By Anthony J. Lockwood
Dear Desktop Engineering Reader:
XYZ Scientific Applications has been developing high-quality meshing tools for finite element analyses and computational fluid dynamics simulations since 1991. Its TrueGrid hex, shell, and beam mesh generator is widely deployed in industry, government, and research worldwide. Not content to rest on its laurels, XYZ has begun work on what it calls TrueGrid AutoHex.
The basic idea of AutoHex is twofold. First, the company seeks to develop the automatic mesh generation technology to solve large-scale systems of partial differential equations with a very high-resolution hexahedral mesh. XYZ has performed some preliminary work that demonstrates the feasibility of creating a program that will distribute across a massively parallel computer system then generate any size hexahedral mesh efficiently. By “any size” imagine, say, a quarter of a trillion hex elements. By “massively parallel computer,” the company means current technology as well the petascale and larger systems coming our way.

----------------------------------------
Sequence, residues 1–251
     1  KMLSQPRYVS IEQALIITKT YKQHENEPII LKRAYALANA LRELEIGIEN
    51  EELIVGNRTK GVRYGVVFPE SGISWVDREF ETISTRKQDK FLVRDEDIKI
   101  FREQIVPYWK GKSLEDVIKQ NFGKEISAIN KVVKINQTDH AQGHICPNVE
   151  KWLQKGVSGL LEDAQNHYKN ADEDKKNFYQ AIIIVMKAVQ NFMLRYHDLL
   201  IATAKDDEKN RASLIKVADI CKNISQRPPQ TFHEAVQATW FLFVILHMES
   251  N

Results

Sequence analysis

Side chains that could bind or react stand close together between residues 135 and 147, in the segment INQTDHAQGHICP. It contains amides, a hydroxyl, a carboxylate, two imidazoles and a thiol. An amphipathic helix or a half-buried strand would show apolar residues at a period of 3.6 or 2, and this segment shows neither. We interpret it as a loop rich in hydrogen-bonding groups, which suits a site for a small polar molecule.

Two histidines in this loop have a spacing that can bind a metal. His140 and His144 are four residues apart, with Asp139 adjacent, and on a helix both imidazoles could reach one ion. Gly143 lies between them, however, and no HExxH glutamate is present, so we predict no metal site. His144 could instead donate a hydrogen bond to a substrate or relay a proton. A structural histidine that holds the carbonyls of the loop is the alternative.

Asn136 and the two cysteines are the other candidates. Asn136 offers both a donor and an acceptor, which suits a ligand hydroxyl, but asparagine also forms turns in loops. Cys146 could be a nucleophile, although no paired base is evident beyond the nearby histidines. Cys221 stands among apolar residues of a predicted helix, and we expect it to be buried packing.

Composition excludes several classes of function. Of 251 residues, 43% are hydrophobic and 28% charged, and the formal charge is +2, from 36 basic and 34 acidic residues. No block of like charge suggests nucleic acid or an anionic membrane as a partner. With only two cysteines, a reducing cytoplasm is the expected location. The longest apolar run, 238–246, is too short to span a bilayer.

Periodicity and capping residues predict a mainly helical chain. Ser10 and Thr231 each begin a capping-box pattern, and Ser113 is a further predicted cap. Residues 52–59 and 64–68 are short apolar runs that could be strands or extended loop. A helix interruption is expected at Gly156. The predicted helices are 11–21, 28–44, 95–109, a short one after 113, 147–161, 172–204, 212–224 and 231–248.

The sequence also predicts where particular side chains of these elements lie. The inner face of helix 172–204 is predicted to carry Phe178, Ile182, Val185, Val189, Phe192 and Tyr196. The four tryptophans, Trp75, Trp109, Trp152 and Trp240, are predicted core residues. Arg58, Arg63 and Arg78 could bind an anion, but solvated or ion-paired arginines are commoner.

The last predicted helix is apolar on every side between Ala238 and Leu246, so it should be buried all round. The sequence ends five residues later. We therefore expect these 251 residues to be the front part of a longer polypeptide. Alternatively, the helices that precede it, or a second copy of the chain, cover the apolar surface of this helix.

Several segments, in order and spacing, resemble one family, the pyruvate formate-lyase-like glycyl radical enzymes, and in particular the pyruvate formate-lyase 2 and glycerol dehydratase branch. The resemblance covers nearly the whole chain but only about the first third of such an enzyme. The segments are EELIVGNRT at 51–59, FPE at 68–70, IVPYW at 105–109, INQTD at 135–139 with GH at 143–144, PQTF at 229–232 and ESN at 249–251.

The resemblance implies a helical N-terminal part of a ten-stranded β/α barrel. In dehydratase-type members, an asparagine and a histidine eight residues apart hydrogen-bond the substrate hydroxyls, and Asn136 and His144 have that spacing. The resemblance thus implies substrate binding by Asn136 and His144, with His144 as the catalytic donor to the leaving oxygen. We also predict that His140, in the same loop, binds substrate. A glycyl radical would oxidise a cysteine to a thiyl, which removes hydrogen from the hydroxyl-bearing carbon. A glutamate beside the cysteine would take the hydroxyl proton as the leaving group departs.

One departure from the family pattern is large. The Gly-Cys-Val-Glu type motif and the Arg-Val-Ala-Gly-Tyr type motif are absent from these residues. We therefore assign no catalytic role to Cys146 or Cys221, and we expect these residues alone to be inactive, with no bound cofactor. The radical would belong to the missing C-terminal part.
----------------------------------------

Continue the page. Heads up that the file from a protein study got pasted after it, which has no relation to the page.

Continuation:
Secondly, TrueGrid AutoHex is intended to mesh “certain types of boundary quad meshes ]that] no automatic hex mesh generator can mesh.” In a delightful bit of understatement, XYZ says in a PDF of its grant proposal, you “can anticipate some of the profound effects such a capability will have in scientific investigations.” The company cites weather, nuclear explosions, and full and detailed FE models of a human body as some of the large-scale simulations potentially enabled through the capabilities of AutoHex. You can imagine what a virtually limitless automatic hex mesh generation capability could mean to you.
Today’s Check It Out is also two-fold. First, you’ll see a link to the 31-page grant proposal for the development of AutoHex that XYZ submitted to Department of Energy. This document is packed with technical details that, when I finished reading it, reminded me of how little I know about so much. I know that some of you have the noodles to get into this PDF big time. Please do. I found it fascinating albeit above my pay grade.
The second part is a web page created by Robert Rainsberger, President and CEO of XYZ Scientific Applications, and his staff yesterday in response to my inquiries about this Check It Out write-up. (Let me digress here to say that such responsiveness to my dumb questions is something I’ve never encountered. Class outfit. Thank you.) This is a one-page summary of the automatic capabilities being developed at XYZ Scientific Applications that could serve to satisfy many of your information needs.
So, there it be: A sneak preview of what’s coming down the road in the world of mesh generation.
Thanks, pal. — Lockwood
Anthony J. Lockwood
Editor at Large, Desktop Engineering